NEW YORK (CBSNewYork) — Senator Charles Schumer has come up with a novel way to break the Washington logjam over funding for the critically needed rail tunnels under the Hudson River, otherwise known as the Gateway Project.
You might call it the “Shhhh, don’t tell President Donald Trump” plan for squeezing funds out of Washington to rebuild the 100-year-old North River tunnels.
“In a brutally competitive national and global economic marketplace we cannot afford to let the most vital link of our regional transportation network waste away. That’s economic suicide,” Schumer told reporters on Monday, including CBS2’s Marcia Kramer.
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And since he wants the region to thrive — not die — Senate Minority Leader Schumer has hatched a “work-around” plan to overcome the president’s refusal to fund Gateway. It calls for the governors of New York and New Jersey to advance money for the project, then be reimbursed by the feds, included in a bill the president would hopefully have no choice but to sign.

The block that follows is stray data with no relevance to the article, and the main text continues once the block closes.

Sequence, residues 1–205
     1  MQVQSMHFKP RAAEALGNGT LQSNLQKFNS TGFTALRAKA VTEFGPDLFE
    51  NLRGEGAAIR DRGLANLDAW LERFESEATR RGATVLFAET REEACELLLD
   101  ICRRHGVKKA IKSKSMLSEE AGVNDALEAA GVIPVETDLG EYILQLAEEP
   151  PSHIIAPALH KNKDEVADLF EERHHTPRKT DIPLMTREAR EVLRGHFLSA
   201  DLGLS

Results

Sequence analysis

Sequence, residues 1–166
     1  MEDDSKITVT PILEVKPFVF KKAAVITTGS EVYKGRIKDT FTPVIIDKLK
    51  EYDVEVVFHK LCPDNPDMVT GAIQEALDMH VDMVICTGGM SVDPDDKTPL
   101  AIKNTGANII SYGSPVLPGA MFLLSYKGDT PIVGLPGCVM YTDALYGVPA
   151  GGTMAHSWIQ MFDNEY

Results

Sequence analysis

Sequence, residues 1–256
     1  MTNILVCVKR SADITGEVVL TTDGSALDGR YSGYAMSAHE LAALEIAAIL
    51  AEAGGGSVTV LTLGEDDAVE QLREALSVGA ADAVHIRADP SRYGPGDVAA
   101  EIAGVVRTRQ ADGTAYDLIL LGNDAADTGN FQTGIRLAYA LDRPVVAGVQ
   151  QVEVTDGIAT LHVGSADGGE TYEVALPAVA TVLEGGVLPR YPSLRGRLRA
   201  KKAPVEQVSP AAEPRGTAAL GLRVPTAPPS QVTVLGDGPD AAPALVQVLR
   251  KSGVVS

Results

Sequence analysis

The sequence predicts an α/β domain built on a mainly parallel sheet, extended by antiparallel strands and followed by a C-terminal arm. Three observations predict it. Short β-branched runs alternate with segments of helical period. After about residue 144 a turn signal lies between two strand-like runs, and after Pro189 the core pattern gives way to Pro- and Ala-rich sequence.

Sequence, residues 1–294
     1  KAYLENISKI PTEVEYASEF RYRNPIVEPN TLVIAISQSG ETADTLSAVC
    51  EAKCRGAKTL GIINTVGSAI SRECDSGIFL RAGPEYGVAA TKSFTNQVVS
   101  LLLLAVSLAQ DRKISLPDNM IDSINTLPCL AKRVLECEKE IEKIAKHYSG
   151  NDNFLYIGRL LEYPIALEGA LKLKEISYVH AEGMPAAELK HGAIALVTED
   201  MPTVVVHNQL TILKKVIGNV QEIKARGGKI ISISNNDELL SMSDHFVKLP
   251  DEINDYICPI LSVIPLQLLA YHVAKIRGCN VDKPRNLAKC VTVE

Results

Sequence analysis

“We would make it automatic, not subject to any approval by the legislation,” Schumer said. “Now, he would have to sign the big budget bill we’ll put this in, but I don’t think he’d veto the budget bill and risk another shutdown over this.”
A spokesman for New York Gov. Andrew Cuomo, who sent President Trump a video of the old, storm-damaged tunnels, then met with him, reaffirmed his commitment to split the cost of the project with New Jersey, saying, “The consequences of inaction would be catastrophic.”
New Jersey Gov. Phil Murphy is also on board, saying of the project, “The political gridlock preventing its federal approval is unacceptable.”
Schumer said he will draft the legislation with input from the New York and New Jersey delegations.
When asked if Schumer and the plan can get around the president, New Jersey Sen. Robert Menendez said, “I think we can do it because the reality is that Gateway has been kept alive by state delegation in the monies that we have included in the appropriate process, notwithstanding that the president has been in opposition.”
Last week, frustrated congressmen introduced a “doomsday” bill that wold require the federal government to have a contingency plan in case the tunnels fail. The Regional Plan Association said a tunnel failure would cost the economy $16 billion and reduce local home values by $22 billion.